Originally Posted by Garyp4951
I can't lower the hitch because the pinbox will hit the bed sides when turning sharp, so I guess I'm looking at installing a sub frame to raise the rv.
I should have known going to a lighter weight 5th wheel that it would sit lower for 1/2 ton trucks, and my 3/4 ram is pretty tall.
Thanks for any advice.
I'm new to 5th wheels and trucks--just beginning to look around. It sounds like your issue should be something I am conscious of as I go forward. I want to be certain understand the discussion here. May I ask for a little clarification?
If I understand correctly, if you lower the hitch height enough so as to level your fiver, the pin box of your fiver will hit the bed walls of your truck during sharp turns instead of passing over them and this is because your new fiver was built with lower truck bed walls in mind, lower than the bed walls of your current truck. Do I have that right?
I also gather from this thread that having a fiver close to level while towing is important.
If I understand things correctly, wow, I can see how this would be a thorny problem. I'm so sorry you find yourself in that unenviable position.
It would seem that either you need to lift the rear of your fifth wheel, lower the bed walls of your truck, somehow raise the height of your pin box, or some combination of these things. I am uncertain if any of these are practical or even possible.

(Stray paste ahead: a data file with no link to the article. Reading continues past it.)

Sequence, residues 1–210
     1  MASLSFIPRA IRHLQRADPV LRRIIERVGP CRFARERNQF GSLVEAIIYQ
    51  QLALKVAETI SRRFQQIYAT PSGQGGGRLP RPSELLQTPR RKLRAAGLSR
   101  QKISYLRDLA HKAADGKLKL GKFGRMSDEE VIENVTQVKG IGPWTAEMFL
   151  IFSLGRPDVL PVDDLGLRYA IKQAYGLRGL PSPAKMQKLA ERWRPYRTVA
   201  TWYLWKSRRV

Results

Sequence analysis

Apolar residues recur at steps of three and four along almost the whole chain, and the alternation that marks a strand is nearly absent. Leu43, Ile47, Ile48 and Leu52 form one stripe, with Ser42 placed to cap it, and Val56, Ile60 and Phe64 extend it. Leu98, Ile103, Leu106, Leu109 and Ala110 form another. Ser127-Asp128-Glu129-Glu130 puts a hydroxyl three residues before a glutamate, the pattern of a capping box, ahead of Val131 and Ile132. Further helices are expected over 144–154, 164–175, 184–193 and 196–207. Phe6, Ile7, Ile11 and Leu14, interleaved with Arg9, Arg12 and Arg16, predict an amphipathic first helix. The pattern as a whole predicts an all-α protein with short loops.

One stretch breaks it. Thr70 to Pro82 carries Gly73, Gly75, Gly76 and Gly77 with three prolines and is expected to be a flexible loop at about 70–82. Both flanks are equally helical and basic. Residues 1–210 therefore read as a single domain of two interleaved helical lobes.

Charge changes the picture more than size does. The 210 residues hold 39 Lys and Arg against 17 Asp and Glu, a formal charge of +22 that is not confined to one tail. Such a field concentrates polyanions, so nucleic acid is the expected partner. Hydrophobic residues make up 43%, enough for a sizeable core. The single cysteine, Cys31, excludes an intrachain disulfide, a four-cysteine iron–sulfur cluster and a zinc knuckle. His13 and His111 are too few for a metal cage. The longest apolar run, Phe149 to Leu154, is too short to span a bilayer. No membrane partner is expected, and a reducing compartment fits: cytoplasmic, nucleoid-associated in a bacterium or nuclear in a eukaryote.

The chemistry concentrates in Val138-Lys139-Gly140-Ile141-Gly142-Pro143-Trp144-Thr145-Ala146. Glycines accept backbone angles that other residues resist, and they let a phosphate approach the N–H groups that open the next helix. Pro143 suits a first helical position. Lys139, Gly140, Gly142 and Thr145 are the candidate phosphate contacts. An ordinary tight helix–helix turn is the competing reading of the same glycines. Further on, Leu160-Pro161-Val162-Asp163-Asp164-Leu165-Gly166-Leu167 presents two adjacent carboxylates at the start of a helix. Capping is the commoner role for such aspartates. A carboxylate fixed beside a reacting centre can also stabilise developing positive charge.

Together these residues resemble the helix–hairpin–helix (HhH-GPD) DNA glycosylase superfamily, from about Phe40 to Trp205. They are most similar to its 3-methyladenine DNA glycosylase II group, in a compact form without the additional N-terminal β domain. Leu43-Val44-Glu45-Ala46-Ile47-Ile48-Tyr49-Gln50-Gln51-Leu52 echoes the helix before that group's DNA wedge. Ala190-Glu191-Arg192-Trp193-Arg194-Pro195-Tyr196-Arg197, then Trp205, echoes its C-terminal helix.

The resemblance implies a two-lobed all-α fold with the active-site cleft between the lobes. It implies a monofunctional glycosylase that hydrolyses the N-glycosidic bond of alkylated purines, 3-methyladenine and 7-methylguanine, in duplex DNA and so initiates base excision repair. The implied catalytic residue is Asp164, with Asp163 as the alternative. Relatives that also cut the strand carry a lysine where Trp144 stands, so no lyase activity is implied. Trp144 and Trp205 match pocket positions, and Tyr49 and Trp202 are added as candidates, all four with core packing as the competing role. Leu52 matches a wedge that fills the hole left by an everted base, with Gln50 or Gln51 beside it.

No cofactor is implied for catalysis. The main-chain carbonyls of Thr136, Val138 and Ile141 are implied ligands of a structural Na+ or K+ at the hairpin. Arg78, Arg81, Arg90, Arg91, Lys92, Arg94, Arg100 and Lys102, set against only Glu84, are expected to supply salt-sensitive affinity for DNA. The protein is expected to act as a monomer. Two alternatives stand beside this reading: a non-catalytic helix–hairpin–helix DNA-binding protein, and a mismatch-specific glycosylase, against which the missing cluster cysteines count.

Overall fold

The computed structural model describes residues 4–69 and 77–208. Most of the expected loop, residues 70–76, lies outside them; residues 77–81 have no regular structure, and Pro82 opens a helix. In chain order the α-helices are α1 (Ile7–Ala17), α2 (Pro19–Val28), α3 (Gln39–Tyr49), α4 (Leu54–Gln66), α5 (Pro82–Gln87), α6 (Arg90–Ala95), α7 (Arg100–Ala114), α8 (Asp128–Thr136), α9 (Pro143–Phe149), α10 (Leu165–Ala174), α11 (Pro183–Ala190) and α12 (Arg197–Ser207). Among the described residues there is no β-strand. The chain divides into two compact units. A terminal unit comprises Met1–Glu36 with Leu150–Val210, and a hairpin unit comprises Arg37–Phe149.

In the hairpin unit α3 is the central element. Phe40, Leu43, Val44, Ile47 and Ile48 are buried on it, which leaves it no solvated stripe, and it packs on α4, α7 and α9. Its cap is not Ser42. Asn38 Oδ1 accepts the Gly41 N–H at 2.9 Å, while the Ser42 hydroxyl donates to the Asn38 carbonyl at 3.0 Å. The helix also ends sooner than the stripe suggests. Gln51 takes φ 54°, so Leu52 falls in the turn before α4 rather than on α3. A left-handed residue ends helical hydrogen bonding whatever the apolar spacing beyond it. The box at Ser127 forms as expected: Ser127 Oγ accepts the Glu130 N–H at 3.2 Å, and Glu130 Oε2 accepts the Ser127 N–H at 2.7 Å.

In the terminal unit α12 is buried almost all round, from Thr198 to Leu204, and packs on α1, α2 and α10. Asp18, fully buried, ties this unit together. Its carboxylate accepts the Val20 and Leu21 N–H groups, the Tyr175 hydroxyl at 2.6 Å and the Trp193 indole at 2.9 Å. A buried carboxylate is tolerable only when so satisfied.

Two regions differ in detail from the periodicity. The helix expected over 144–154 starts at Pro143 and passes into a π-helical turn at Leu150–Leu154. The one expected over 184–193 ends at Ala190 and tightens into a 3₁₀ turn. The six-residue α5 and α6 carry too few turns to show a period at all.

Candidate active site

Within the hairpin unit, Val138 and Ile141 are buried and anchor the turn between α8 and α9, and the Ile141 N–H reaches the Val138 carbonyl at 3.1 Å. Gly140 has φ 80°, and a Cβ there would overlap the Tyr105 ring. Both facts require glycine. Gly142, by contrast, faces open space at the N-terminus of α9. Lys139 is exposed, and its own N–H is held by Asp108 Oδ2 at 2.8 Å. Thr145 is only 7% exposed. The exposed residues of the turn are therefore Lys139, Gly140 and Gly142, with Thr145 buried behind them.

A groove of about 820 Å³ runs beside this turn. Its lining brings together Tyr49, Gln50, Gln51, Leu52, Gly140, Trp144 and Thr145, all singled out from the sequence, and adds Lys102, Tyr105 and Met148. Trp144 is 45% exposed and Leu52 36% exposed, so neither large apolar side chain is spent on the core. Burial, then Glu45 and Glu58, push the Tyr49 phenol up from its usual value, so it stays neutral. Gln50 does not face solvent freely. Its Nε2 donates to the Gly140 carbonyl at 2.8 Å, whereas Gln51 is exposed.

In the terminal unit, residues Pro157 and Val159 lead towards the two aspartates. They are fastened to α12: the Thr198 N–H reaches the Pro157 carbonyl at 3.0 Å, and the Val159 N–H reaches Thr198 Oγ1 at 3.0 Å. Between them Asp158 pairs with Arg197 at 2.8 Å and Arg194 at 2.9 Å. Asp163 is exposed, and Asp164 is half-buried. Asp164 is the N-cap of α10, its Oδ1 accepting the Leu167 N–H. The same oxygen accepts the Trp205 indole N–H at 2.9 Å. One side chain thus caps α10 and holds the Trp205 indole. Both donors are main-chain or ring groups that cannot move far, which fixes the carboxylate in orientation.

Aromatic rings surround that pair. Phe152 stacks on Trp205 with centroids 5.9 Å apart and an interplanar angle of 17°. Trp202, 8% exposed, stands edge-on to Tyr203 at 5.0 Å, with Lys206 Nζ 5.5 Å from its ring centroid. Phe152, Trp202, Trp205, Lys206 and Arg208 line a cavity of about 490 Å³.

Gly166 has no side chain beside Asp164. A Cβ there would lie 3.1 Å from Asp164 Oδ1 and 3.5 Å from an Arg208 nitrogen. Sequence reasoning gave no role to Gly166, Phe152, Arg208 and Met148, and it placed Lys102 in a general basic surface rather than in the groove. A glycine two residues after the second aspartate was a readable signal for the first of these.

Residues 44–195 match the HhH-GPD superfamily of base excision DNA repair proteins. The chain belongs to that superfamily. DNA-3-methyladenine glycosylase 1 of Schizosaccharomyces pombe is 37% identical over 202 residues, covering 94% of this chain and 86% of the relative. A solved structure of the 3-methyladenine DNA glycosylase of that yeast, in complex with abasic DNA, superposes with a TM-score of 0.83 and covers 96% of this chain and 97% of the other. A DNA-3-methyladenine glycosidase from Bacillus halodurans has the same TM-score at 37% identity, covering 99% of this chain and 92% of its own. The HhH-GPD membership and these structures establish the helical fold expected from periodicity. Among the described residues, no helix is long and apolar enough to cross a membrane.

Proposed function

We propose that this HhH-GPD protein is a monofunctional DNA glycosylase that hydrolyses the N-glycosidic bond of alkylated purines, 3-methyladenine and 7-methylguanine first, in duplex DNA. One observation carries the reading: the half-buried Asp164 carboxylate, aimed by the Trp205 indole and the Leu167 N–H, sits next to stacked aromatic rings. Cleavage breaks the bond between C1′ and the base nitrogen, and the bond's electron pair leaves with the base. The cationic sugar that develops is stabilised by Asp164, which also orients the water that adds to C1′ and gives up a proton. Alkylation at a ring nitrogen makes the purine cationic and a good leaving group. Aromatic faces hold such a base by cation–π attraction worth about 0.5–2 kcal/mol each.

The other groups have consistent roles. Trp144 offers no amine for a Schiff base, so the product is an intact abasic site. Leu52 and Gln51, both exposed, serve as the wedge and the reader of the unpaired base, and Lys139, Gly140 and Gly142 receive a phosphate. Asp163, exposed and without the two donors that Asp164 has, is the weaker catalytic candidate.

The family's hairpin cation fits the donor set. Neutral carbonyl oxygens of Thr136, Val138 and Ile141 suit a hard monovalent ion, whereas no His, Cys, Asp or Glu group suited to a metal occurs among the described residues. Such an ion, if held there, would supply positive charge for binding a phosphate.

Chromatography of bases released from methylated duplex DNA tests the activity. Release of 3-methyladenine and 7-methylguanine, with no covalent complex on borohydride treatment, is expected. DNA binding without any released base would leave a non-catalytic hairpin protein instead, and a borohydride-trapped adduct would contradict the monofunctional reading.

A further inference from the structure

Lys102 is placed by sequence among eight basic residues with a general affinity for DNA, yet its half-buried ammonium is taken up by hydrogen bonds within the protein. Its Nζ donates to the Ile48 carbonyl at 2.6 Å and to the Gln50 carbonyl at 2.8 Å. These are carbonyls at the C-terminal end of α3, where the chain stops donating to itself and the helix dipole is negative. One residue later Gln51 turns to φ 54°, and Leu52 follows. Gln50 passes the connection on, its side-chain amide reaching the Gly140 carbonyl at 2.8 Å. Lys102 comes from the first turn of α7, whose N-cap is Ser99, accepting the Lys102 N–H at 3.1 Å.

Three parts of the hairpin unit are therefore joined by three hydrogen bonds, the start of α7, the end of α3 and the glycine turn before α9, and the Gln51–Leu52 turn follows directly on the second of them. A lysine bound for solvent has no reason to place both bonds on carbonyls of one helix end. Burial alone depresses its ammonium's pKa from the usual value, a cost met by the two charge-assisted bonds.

Since your springs are already on top of your axles you cannot reposition them by moving them from underneath the axles to on top in order to raise the rear of your trailer. Would it be possible to create some sort of spacers and insert them between the springs and the axle to raise the rear of your fifth wheel? Just a thought. Then, I must wonder about raising your trailer's center of gravity too high so as to make it unruly while towing. You might also want to think about how raising your trailer might effect climbing the entry stairs.
At the same time I wonder as someone new to fifth wheels how I can be certain to avoid running into the same problem. I mean, I do not recall ever reading a specification provided for a fifth wheel that mentions the maximum height of a pick up truck bed wall in order to avoid collisions with the pin box while allowing for level towing.
How does a person make certain what the allowable bed wall height would be? Would it make sense to measure from the ground to the lowest spot of the pin box when the fifth wheel is level and compare that to the distance from the ground to the top of the truck's bed walls? How much clearance is needed between the two?
I think this would be valuable information for all fifth wheel wannabes, or I guess anybody shopping for a fifth wheel.